For me, part of the spirit of volunteering is that it is done without coercion, which is probably not a contentious point. One of the ways I translate this in my own organization is that I don’t push our programs to utilize volunteers, I let them come to me.

    I think the same spirit should be invoked when we consider the ‘volunteering sector’ – if you want to identify as part of this sector because you see benefit in doing so, great, but if you don’t, then don’t. I think we need to follow the signals from individuals and groups regarding inclusion – sometimes they will be signaling to be included, and sometimes not. We would just be pushing the proverbial up-hill if we try to act in the absence of these signals.

    I like the idea of trying to make connections with those not already identifying as being part of the sector, but only in ways that directly supports their work (i.e. training for Sports Coaches in working with parent volunteers) not in ways that take their time from their main task i.e. by trying to get them involved in the bureaucracy of the sector (memberships in this that and the other, newsletters coming in from every angle etc). We don’t want to make contributing to your community too hard by making it an “industry” where participation is a one-size-fits-all model.

    I also want to defend community volunteer activities being in “bubbles”, as you put it. There is so much rhetoric about being connected, networked, partnerships etc but all this takes a lot of time and resources, which can lead to the primary goal of groups being compromised. Localisation is not a bad thing.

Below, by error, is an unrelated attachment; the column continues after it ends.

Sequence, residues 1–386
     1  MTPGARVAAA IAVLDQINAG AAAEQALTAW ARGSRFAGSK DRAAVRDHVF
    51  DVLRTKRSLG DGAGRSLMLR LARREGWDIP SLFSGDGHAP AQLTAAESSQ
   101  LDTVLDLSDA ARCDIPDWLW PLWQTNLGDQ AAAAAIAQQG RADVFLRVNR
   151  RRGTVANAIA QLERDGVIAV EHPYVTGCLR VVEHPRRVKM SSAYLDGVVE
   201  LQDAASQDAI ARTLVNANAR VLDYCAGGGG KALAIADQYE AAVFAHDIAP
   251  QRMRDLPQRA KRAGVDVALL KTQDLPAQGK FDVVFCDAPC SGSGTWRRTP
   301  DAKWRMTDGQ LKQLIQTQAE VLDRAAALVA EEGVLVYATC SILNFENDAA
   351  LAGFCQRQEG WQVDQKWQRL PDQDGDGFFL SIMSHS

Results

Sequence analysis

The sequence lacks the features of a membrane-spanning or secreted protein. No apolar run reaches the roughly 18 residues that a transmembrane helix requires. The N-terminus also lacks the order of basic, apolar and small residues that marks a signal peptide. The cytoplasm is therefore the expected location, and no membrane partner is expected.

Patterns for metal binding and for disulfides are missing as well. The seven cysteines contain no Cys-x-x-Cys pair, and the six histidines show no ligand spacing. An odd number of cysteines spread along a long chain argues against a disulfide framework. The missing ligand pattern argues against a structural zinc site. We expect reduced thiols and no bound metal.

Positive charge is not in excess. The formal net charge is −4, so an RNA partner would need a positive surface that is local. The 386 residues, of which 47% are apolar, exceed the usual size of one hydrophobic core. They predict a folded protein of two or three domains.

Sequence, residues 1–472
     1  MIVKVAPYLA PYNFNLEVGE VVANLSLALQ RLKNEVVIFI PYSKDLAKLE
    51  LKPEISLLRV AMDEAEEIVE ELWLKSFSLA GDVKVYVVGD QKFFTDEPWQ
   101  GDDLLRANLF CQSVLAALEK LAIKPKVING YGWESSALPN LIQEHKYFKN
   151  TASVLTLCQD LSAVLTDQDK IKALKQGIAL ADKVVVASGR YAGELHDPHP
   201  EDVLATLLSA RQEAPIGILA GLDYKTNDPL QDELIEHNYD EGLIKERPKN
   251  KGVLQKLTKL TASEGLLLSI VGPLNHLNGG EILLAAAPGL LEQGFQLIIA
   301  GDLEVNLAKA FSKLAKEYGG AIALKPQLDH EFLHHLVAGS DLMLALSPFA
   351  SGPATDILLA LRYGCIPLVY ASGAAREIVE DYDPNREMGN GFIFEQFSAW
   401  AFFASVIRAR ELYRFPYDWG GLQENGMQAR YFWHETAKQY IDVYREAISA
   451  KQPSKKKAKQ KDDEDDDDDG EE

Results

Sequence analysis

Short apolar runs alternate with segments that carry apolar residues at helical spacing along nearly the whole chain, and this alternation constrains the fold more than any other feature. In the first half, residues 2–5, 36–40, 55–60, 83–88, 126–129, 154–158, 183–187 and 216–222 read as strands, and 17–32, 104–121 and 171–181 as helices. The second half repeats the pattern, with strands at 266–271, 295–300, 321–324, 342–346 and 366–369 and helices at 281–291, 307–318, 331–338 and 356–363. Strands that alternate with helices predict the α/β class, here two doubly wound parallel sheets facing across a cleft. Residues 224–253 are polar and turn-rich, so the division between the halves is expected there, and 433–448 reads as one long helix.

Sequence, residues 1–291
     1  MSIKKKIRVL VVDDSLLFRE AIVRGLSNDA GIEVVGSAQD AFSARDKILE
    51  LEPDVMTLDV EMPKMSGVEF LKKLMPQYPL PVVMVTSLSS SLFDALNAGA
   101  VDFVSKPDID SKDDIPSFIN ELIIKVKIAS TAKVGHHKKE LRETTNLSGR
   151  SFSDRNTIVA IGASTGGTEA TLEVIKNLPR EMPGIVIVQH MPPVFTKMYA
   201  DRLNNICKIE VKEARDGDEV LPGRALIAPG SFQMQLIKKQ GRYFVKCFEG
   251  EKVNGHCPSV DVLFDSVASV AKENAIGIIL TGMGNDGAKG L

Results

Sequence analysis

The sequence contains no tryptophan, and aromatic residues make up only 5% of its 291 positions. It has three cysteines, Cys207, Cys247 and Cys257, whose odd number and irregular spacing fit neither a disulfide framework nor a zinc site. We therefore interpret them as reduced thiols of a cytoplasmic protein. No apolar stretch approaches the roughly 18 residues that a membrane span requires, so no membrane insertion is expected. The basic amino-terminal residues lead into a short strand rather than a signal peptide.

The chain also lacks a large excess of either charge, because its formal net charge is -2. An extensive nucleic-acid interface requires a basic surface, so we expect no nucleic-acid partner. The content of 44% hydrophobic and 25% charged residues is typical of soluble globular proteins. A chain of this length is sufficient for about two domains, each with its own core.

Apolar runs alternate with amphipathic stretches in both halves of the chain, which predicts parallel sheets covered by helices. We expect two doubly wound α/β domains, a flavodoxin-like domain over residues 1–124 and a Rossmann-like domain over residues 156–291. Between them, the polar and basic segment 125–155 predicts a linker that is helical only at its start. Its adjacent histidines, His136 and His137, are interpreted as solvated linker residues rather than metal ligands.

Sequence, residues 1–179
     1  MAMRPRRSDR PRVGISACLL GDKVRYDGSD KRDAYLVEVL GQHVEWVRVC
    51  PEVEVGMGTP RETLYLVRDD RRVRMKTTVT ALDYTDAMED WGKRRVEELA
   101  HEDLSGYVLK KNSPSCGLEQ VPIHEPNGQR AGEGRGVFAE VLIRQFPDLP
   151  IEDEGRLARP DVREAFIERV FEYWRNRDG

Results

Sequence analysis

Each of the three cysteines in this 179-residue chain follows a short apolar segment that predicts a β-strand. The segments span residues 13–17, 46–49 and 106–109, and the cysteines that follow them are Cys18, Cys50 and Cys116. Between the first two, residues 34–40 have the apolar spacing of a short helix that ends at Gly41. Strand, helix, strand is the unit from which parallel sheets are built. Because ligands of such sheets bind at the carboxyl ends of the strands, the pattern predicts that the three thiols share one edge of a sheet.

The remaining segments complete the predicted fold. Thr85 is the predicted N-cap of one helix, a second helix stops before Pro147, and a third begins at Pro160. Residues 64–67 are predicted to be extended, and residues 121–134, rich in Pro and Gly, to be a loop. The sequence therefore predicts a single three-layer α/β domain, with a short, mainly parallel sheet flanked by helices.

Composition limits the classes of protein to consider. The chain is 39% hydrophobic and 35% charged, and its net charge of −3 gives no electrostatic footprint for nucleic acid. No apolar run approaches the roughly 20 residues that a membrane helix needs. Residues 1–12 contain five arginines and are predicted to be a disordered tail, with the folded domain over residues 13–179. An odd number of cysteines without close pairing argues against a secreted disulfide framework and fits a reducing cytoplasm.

I also don’t think a better capture of the ‘volunteering impact’ will necessarily lead to more funding/grants etc. I think it serves to validate the volunteer management profession however I don’t think the profession needs to be everywhere that volunteering happens. There are many amazing volunteering activities that happen perfectly well without volunteer managers and would in-fact be hampered by the introduction of formal management. I am not sure that it is the value of volunteers that is undervalued in our society, but the value of formalizing volunteering and the need for so much management of it that is in question. There are of course many volunteering environments where formal management is essential but I think we can get a bit carried away with thinking that all volunteering contexts must therefore need it.

    So do I think it matters whether the work of volunteers is titled volunteering , no I don’t always. Sometimes it is important to label it so, and other times, it can just be people living their lives and contributing to their community. Long-live informal volunteering!!